Science and Engineering

Computer human interaction



Our discipline is comprised of researchers in human-machine interfaces, games research, participatory design and software engineering (e-science).

We research and design innovative software systems and technologies, with a focus on understanding how they are used by particular communities. We do this with a view to developing new forms of socio-technical systems.


We have a prominent role in teaching across a number of the degree programs, including:

  • interaction design
  • participatory design
  • big data
  • e-science (environmental monitoring)
  • ICT4D
  • digital games and player experience.


The Category 1 funded research projects we are currently leading are:

New information access technologies for people with intellectual disability

Project leader
Professor Margot Brereton
Project summary

This project aims to co-design a social, interactive and visual internet search interface for people with intellectual disability. Enabling choice and independence is key to the new National Disability Insurance Scheme, but people with intellectual disability are effectively excluded from much of the web.

This project will investigate ways to access and provide information using technologies such as interactive avatars, virtual worlds and trusted social support. Expected outcomes are new search interface technology, a theoretical framework and new web accessibility guidelines.

Human Internet of Things: enabling people to connect through their things

Project leader
Professor Margot Brereton
Project summary

The 'Internet of Things' promises a future in which everyday things are all connected to the internet enabling them to share data and communicate with one another. The vision is technology-centric and things cannot be built by end users.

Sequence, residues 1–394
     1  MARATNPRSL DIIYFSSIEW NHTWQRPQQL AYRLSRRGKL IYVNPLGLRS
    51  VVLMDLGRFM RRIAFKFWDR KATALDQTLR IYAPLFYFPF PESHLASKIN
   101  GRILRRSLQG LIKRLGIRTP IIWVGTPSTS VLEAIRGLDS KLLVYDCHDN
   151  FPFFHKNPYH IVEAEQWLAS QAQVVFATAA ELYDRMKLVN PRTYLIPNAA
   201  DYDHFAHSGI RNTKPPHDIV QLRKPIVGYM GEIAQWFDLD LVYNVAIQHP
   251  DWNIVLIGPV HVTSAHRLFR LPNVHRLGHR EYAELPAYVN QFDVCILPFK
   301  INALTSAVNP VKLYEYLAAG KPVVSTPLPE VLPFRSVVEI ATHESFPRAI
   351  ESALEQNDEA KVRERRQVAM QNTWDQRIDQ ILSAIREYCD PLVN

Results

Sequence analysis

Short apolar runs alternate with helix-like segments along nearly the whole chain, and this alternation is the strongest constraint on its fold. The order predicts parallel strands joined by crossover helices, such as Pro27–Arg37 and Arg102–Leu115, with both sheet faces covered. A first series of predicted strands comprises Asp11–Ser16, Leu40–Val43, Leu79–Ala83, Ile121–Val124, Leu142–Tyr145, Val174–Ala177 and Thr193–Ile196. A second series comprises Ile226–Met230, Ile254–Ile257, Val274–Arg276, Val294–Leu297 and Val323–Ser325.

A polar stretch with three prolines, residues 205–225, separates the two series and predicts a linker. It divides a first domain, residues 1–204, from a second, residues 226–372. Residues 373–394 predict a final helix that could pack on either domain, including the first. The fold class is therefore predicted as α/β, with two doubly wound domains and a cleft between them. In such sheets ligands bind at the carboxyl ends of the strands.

This project aims to research how the 'Internet of Things' can be democratised: designed and built by everyone young and old, of different cultures and remote, with a domain focus on enabling social engagement and connectedness. People are expected to be able to connect through familiar objects such as their tables and kettles, and build interfaces themselves with intuitive building blocks. Anticipated project outcomes include new toolkits, new creative practices, a theoretical model and example networks of things connecting people in new ways.

Bio-acoustic observatory: engaging birdwatchers to monitor biodiversity by collaboratively collecting and analysing big audio data

Project leader
Professor Paul Roe
Project summary

This project will research how to crowd-source the collection and analysis of environmental animal sounds (for example, birds, frogs). This will enable a bio-acoustic observatory which provides a scalable, objective and permanent record of the environment, something hitherto impossible. The project will investigate how to engage the community of birdwatchers to extend their pastime online with new kinds of interactive tools to enable collaborative analysis of big audio data, and new kinds of birding experiences.

Outcomes will be: new approaches to physical/virtual engagement in human-computer interaction; new approaches to analysing big data; a new validated ecological monitoring technique and concepts for sustainable knowledge generation communities.

Interdisciplinary and inter-institution projects

Some of the projects we are contributing to with other disciplines and institutions are:

  • Visual analytics for next generation sequencing, 2014-2017

Student topics

Are you looking to further your career by pursuing study at a higher and more detailed level? We are currently looking for students to research with us. Contact our staff to find out more about research opportunities, or take a look at our school's available student topics.


School of Electrical Engineering and Computer Science

  • Level 12, S Block, Room 1221
    Gardens Point

  • Postal address:
    School of Electrical Engineering and Computer Science
    GPO Box 2434
    Brisbane QLD 4001